The next rest stop or point of interest in the road journey is the Physical Exam, specifically the Constitutional part of the exam. What did the patient look like when the provider walked into the room, what is the provider seeing? You will want to ensure there is a correlation between the statements made in the constitutional exam and the HPI, there should be a strong correlation with the diagnoses listed in the assessment and the description of the patient in the constitutional part of the exam. For instance, if the diagnoses that occasioned the admission is acute hypoxemic respiratory failure, it would be red flag for the auditors to clinically validate and deny the diagnosis if the constitutional state alert, oriented X 3 in no respiratory distress resting comfortably on bed talking to the nurses. Now, there are mitigating circumstances to consider in reviewing the documentation, something that helps explain clinically the disconnect such as alert, oriented in no acute distress, patient’s respiratory compromise due to COPD exacerbation is well managed on 5 liters of O2. Something to explain the lack of correlation. You also want to ensure a disconnect such as the following is addressed through seeking clarification with the provider: well, nourished well developed male resting in bed just finished polishing off a cheeseburger and fires appears comfortable. Then you see a diagnosis of protein calorie malnutrition listed in the assessment, other instances where you are offering the auditors a way to clinically challenge a diagnosis, a CC or MCC potentially. I refer to this as the T ball system, my colleague Dr. Jake Martin, came up with this analogy, we put the ball on the T and let the payer hit it out of the park. I see this scenario all the time. Another example is community acquired pneumonia in the assessment, yet the physical exam shows lungs CTA, no rhonchi or rales noted, vital signs are within normal limits, no temperature whatsoever. This is another opportunity to reach out to the provider and share the fact that documentation such as this leads to clinical validation denials, where payers second guess the physician’s clinical judgment and medical decision making. Approach the learning opportunity as not questioning the provider’s clinical judgment and medical decision making, instead helping the provider to capture and reflect his/her clinical judgment and medical decision making in the record through effective accurate and complete documentation.

Just a bit on the available labs and other diagnostic workup available to the provider at time of decision to hospitalize the patient in the first place or become available shortly thereafter. It is simply not enough to blow these into the documentation or just appear in the documentation. All relevant normal or abnormal workup results must be included in the assessment and plan of care as part of diagnosis reporting, how the lab values or other workup results factor into the provider’s clinical judgment in coming up with the diagnosis, either differential or certain diagnosis or symptom followed by provisional diagnoses. It simply is not enough from a denial’s avoidance perspective or communication of care perspective to merely list diagnoses in the assessment. In the event of a denial, the record will contain and outline the physician’s clinical judgment and thought process that can be captured and included in an appeals letter by quoting in the letter.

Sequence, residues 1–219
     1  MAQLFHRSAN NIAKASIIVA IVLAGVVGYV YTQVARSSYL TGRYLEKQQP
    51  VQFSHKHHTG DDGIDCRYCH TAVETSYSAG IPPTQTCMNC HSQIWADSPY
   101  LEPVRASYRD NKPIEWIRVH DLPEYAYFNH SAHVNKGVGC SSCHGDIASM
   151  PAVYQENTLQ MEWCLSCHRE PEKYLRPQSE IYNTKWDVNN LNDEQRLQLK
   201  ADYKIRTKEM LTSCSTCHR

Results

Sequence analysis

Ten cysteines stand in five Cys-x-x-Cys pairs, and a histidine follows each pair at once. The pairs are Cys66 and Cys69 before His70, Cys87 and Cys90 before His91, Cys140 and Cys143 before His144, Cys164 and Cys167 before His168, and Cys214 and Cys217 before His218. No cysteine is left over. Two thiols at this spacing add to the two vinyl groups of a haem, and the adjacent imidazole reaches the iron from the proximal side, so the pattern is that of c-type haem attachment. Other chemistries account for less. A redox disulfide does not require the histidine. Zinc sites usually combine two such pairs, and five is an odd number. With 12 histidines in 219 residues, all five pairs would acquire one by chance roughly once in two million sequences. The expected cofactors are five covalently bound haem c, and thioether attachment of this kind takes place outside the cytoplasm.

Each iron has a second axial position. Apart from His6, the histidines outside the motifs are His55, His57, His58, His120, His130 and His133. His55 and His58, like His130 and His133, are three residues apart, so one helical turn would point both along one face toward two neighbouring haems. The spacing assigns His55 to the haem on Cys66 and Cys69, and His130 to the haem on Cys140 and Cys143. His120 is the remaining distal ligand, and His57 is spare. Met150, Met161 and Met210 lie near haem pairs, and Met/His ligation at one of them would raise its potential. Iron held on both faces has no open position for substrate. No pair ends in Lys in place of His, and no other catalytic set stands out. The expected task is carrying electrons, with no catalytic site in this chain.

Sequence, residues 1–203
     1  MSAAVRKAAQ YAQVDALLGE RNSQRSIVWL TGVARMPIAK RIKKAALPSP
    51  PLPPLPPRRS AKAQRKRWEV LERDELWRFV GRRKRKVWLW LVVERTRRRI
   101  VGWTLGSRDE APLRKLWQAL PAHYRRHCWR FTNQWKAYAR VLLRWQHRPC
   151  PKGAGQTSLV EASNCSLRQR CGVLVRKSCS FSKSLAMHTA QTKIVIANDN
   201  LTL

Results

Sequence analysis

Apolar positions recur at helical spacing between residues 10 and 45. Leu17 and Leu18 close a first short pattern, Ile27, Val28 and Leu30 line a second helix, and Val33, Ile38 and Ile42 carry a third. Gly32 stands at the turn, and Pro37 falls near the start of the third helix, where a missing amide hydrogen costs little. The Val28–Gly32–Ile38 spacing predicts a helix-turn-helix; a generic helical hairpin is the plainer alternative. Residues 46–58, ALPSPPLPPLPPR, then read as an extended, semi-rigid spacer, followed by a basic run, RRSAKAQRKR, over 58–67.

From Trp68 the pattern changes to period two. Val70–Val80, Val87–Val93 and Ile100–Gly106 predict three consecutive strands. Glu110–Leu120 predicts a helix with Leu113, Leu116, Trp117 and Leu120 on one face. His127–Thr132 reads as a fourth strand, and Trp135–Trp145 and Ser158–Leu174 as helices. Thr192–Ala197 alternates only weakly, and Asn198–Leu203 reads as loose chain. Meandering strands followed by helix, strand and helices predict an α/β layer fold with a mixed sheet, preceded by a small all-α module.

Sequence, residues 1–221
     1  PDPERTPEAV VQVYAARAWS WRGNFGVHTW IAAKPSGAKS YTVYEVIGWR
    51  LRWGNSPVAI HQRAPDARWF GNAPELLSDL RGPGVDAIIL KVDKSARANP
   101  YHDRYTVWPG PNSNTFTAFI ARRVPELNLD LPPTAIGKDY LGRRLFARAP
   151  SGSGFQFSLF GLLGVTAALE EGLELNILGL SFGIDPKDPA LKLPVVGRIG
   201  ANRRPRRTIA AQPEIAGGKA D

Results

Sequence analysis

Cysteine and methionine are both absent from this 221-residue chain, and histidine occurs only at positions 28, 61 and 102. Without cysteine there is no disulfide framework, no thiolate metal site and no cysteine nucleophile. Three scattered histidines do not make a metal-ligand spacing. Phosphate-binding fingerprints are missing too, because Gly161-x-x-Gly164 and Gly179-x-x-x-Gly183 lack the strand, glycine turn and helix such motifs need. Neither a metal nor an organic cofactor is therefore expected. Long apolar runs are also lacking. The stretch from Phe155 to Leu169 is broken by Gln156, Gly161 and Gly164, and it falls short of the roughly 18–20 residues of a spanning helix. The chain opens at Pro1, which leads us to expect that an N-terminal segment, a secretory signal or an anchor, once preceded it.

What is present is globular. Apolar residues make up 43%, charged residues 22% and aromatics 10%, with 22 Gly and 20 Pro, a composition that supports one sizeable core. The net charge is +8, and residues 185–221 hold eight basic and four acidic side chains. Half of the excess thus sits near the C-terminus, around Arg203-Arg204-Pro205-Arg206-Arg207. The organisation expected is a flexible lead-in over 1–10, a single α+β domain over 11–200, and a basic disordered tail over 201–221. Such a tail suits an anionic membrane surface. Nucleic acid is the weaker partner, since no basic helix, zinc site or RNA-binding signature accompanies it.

Lastly, the plan of care must be reasonable, rationale and congruent with the assessment, every order should be traceable back to the assessment, whether it be a provisional or definitive diagnosis A good rule of thumb or best practice is for the provider to list in the assessment each acute and clinically relevant chronic condition if pertinent for the reason for admission or hospitalization, include with each diagnosis the specific order or orders coinciding with the diagnosis. And I forgot to mention earlier that within the assessment, each acute condition or diagnosis must be traceable to the signs and symptoms as documented in the HPI and any clinical indicator or finding that the provider used in formulating a diagnosis, both acute and definitive. As I mentioned earlier it is simply not enough to include a laundry list of diagnoses in the assessment without reporting the provider’s clinical rationale and thought processes in arriving at the diagnosis.

Let me close with this thought: Without a solid, accurate, and complete patient clinical story clearly depicted by the physician beginning in the Emergency Department, progressing to the History & Physical, continuing in the progress notes and summarized in the Discharge Summary, all the diagnoses solidified by the CDI specialists is immaterial. Payers are bent on disputing and challenging specific diagnoses, the likes of sepsis, acute respiratory failure, acute metabolic encephalopathy, acute renal failure/tubular necrosis, to name just a few. It is not likely these denials will go away. CDI-Step up to the plate and begin the process of embracing and putting into play a holistic approach to chart review with the intent of actually improving the quality and completeness of the medical record as a communication tool.